Tuesday, February 12, 2008

Digital Museum Webinar: Planning for Technology

When I heard about this webinar I was excited. Then disappointed. As someone fresh out of grad school, I don't have a lot of disposable income to put toward professional development, even very reasonably priced professional development. But, hark!, AAM's EMP (that's Emerging Museum Professionals, not electro-magnetic pulse or Experience Music Project) was offering a limited number of fellowships to EMPs. So I applied for one and was lucky enough to be selected. I just finished with the first Webinar, and it was pretty neat. Plus I received a copy of The Digital Museum: A Think Guide for being a participant.

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I am taking webinar notes directly into Blogger. Keeps me focussed!

First of all, the technology issues: What's an online seminar about technology with technology issues? I assume these were all on my end. I couldn't get the audio to work. I'd run the tech check last week and it showed up fine, but it was frustrating to catch the first few words of something and then it would drop for an uncertain amount of time. Luckily, there was also a call-in number. I had to dial it about 5 times before I got through (busy signal) so I bet I wasn't the only one with this issue.
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I've gotten through! And am making funny faces! Also, please to note my complex system of post-its.

And then I had troubles with Adobe Connect Professional, particularly with the polls the presenters could do: they didn't come up fast enough for me to participate in, alas. I imagine this has to do with my internet connection, even though my pre-webinar tech-check gave me the thumbs up. Heavy sigh.

Now that I've got the tech-whining out of my system, let me just say it was great. I really enjoyed this webinar. I don't have the resources to make it to MW2008, and this felt like a little piece of that: People who get technology talking about technology.

Two of the presenters talked about planning. One, Len Steinbach, focussed on Return on Investment Analysis. Angela Spinazze focussed on more general planning for technology. I enjoyed these presentations, because one of the things they focussed on was one of my harping points: know why you want to do things before you do them! Angela also brought up that it's okay not to implement technology. Yes. Not everything is for everyone.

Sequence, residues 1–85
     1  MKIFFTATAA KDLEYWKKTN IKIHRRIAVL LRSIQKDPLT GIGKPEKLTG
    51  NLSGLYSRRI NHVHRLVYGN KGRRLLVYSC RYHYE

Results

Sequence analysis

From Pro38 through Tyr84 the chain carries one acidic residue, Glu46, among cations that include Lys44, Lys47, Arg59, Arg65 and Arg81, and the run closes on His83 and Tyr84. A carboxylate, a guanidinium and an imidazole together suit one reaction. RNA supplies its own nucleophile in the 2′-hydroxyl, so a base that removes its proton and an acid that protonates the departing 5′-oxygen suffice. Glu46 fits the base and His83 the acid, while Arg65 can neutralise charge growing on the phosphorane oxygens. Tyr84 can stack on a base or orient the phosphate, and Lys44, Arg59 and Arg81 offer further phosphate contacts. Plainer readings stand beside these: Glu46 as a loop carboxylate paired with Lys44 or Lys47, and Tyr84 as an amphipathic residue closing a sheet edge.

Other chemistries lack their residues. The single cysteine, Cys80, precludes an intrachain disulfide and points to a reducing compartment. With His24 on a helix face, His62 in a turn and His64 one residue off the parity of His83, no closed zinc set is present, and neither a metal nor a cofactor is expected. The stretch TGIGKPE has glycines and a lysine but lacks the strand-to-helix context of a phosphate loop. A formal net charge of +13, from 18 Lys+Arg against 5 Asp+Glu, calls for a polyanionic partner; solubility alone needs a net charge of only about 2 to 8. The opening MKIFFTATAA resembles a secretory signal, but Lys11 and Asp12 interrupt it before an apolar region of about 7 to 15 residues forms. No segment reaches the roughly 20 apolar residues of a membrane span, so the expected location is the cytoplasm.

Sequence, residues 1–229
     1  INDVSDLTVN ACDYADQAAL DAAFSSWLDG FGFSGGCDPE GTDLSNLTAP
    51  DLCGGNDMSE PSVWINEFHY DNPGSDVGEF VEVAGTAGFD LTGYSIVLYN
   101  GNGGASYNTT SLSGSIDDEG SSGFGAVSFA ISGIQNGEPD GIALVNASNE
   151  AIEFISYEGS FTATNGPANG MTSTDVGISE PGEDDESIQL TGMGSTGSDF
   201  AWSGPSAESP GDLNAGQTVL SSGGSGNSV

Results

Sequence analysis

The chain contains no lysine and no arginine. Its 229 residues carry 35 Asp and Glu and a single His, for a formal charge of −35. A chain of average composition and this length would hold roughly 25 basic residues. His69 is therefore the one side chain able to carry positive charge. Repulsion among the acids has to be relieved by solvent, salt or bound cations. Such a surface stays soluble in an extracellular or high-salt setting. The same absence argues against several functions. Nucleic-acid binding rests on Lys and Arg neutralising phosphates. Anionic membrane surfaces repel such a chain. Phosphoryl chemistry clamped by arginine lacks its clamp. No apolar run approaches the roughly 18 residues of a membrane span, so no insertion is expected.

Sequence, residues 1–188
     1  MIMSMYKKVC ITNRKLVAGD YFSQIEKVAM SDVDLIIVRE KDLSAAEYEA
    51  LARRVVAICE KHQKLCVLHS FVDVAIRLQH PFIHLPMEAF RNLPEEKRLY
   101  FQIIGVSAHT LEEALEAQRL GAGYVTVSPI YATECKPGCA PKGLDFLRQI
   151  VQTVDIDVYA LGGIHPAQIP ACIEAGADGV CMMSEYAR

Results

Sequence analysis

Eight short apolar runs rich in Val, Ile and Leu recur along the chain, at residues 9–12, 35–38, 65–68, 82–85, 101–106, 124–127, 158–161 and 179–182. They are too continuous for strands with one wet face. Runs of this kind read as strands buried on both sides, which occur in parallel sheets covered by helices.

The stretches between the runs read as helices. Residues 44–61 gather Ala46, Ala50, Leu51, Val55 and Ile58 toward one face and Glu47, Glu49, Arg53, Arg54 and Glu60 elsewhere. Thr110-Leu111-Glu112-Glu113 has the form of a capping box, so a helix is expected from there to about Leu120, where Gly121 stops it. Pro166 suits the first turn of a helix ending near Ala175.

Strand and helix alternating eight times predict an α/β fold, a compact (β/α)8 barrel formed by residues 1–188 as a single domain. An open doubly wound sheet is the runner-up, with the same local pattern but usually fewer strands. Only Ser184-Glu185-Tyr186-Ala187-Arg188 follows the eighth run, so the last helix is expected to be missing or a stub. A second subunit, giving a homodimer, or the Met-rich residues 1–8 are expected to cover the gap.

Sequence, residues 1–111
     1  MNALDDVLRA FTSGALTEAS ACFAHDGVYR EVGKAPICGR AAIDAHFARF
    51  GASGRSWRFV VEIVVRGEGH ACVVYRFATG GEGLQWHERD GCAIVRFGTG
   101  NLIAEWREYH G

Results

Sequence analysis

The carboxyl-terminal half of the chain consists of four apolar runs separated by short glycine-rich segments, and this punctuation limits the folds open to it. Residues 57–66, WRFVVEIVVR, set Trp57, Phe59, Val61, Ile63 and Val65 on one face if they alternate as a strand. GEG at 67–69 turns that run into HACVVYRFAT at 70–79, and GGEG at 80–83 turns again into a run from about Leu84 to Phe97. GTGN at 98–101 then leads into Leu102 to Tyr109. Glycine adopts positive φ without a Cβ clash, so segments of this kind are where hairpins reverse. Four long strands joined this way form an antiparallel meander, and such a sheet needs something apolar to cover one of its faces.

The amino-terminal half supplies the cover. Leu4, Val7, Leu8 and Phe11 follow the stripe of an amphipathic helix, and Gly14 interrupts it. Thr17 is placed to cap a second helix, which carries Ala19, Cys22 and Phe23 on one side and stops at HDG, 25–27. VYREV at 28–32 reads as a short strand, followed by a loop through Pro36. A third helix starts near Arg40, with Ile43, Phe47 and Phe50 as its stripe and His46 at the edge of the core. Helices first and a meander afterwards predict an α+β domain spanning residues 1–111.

The third presenter, Holley Witchey, spoke on morals and ethics - the little issues that we don't like to talk about because we tend to transgress them on occasion - as they relate to museum technology. All the presenters brought forth great ideas and gave the participants a lot to think about. I found it invigorating to be part of such interest about technology. I'm definitely looking forward to the rest of the sessions.

You can still register for the three upcoming sessions. I've put my (unintelligible) notes below the jump, for those interested.

Len Steinbach: Return on Investment

- Be sure to consider the direct costs, the indirect costs. How will you maintain your project? What is your perceived benefit? Take everything into account in your planning. This is return on investment analysis.

- What kind of return do you want? $$$ or mission? How do you evaluate mission based returns? How will you?

- Is there a champion in your institute? Who makes technology happen? And will there be momentum to maintain the change after the champion leaves? Make the plan to make it happen.

- Balancing multiple projects. Return on Investment will make your reasoning transparent. Provides a strong case and creates measurable expectations.

- The risk of too much success and the needs of staffing. How can small museums manage their success? engage in partnerships. buy external hosting with giant bandwidth. What is the worst case success scenario? What is the cost?